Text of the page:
Based on the foregoing, the Court calculates the lodestar fee in this case as follows:

 

Total Hours Expended

Net Hours Expended

Hourly Rate

 

Totals

Lewis & Babcock

         

A. Camden Lewis

139.5

135.3

$600.00

 

$81,180.00

Keith M. Babcock

224.8

218.0

$350.00

 

$76,300.00

Ariail E. King

109.7

106.4

$225.00

 

$23,940.00

Peter D. Protopapas

14.6

14.1

$250.00

 

$3,525.00

William A. McKinnon

262.1

254.2

$225.00

 

$57,195.00

Brady R. Thomas

25.2

24.4

$200.00

 

$4,880.00

Paralegals

271.3

263.1

$80.00

 

$21,048.00

Law Clerks

144.2

139.8

$70.00

 

$9,786.00

           

Richard A. Harpootlian, P.A.

         

Richard A. Harpootlian

97.5

94.5

$500.00

 

$47,250.00

David Scott

96.8

93.8

$250.00

 

$23,450.00

Heather Herron

44.6

43.2

$80.00

 

$3,456.00

Holli Langenburg

5.1

4.9

$80.00

 

$392.00

           

TOTAL

       

$352,402.00

b.  Enhancement of the lodestar fee with a multiplier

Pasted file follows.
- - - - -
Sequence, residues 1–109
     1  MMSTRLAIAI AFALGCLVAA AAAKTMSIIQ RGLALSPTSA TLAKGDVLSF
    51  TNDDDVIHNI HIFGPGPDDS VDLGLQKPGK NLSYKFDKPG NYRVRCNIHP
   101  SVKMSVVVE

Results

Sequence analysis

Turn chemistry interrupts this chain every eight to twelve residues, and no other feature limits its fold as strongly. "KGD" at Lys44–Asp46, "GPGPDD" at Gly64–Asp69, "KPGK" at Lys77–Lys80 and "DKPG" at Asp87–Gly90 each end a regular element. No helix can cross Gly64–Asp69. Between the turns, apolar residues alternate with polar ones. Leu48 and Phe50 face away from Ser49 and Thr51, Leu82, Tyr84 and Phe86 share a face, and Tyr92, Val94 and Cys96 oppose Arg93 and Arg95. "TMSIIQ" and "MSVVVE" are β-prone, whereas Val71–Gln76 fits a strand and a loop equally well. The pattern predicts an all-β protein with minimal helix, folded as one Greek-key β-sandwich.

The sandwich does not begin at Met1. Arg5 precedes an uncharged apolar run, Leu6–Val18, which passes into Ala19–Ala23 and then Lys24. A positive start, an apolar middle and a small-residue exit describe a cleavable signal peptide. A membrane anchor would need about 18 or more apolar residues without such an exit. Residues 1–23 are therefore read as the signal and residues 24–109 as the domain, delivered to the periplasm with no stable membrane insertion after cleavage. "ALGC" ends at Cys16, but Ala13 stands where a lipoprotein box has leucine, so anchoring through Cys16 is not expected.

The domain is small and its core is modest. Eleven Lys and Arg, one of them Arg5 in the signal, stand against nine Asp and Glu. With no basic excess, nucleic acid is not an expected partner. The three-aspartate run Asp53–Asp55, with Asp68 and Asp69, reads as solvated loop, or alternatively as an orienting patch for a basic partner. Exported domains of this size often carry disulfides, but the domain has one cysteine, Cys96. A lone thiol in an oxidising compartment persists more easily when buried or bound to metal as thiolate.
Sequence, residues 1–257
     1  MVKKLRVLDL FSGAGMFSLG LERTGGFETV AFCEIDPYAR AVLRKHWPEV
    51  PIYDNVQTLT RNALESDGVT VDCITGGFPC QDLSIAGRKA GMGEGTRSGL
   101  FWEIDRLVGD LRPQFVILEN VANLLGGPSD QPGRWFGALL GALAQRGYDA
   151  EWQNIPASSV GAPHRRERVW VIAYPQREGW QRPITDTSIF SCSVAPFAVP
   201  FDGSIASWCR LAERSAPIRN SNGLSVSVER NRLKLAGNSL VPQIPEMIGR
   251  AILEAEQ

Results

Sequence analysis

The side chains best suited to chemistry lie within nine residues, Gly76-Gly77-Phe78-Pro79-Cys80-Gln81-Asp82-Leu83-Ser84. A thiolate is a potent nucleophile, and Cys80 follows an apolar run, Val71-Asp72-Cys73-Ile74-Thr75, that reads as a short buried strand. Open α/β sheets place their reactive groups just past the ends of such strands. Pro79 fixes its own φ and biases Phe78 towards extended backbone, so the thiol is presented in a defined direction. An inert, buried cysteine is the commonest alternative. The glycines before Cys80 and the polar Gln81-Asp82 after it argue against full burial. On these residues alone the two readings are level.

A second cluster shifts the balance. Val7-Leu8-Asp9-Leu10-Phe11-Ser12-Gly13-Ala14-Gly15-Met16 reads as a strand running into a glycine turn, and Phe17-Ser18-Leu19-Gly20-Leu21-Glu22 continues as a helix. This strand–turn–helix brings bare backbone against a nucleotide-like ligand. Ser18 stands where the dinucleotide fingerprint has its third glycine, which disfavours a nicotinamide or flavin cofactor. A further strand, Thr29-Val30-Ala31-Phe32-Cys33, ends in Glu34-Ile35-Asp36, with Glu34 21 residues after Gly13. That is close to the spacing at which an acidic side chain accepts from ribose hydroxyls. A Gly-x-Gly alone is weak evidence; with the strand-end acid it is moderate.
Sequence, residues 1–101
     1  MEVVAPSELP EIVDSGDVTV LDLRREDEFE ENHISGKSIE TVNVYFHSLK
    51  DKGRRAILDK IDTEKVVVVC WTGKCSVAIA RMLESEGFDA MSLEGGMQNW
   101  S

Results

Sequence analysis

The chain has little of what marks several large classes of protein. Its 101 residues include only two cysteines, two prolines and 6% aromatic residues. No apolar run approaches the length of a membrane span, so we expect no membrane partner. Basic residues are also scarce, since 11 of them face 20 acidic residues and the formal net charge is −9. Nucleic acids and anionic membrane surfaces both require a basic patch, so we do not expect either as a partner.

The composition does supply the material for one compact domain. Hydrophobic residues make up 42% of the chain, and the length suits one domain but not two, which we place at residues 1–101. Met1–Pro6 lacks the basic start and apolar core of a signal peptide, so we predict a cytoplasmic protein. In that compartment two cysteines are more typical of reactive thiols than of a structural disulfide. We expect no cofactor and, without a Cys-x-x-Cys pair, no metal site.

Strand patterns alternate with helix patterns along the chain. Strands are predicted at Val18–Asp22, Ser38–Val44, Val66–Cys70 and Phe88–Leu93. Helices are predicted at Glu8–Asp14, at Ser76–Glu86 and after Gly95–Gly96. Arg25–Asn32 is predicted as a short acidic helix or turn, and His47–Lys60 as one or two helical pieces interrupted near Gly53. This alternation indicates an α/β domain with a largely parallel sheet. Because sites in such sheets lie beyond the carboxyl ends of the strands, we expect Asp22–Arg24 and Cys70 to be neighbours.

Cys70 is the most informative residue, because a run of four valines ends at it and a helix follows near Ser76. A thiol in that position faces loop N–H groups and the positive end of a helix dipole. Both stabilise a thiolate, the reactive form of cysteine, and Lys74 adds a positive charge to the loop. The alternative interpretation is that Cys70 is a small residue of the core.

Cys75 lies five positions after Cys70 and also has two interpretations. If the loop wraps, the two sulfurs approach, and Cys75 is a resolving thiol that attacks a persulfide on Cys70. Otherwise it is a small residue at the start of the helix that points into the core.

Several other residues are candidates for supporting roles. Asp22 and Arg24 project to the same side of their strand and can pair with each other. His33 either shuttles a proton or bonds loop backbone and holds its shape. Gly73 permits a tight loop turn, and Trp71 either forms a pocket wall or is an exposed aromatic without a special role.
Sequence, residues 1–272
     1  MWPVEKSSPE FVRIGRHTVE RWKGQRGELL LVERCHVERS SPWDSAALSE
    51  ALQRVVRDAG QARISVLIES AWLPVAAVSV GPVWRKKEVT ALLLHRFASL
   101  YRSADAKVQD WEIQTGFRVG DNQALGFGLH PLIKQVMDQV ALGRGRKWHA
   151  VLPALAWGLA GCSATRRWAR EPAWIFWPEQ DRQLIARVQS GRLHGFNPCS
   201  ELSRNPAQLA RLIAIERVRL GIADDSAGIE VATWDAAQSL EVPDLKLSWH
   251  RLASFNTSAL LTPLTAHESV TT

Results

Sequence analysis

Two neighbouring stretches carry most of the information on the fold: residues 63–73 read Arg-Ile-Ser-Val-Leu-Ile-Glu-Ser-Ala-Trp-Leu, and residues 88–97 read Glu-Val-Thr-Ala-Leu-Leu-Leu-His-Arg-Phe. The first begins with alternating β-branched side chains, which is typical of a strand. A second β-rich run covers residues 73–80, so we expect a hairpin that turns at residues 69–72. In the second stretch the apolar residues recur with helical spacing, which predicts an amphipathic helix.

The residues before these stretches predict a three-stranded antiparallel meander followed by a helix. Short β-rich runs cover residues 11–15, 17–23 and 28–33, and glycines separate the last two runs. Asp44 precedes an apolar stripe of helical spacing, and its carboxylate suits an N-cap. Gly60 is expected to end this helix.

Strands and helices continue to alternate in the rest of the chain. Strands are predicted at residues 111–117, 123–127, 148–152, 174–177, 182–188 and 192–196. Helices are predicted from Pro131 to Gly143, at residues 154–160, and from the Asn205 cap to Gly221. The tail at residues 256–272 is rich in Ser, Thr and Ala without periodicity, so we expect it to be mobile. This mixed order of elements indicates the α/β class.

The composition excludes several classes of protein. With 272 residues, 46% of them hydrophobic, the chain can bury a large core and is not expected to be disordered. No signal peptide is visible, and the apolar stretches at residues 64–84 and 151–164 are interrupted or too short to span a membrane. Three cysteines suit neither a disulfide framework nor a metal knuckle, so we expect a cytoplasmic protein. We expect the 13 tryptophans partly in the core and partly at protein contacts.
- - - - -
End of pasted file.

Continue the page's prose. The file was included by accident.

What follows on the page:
Using the lodestar calculation of $352,402.00 as a starting point for a reasonable fee in this case, we further conclude that enhancing the lodestar figure through a multiplier is necessary to reflect the exceptional circumstances of this case as emphasized by the Court in the remand order.  See Blum, 465 U.S. at 897 (recognizing that an enhanced lodestar award may be justified "in some cases of exceptional success” (quoting Hensley v. Eckerhart, 461 U.S. 424 (1983))).  More specifically, we find that the expedited litigation timeline imposed by the Court, the wholly successful recovery for the entire class of TERI participants, the extraordinary sum of money returned to the TERI participants and ultimately saved by the TERI participants, and the termination of governmental acts constituting a breach of contract are exceptional circumstances which justify the use of a multiplier.  Accordingly, we apply a multiplier of 1.25 to the lodestar calculation in order to arrive at a reasonable fee that adequately compensates counsel for the TERI plaintiffs.[9]  To this total, we add the expenses incurred by counsel for the TERI plaintiffs, which this Court directed the circuit judge to include in the award of attorneys’ fees, even though the state action statute does not mandate such reimbursement.[10]  See also Hyatt v. Apfel, 195 F.3d 188, 192 (4th Cir. 1999) (affirming a multiplier of 1.333 applied to a lodestar calculation of attorneys’ fees to be paid by the defendant government entity on account of the "exceptional results” obtained by plaintiffs’ counsel); Edmonds, 658 F. Supp. at 1148 (applying a multiplier of 1.15 to 1.25 to the lodestar fees for the plaintiffs’ various attorneys to account for the "exceptional circumstances” surrounding the amount of money involved and the results obtained in the case).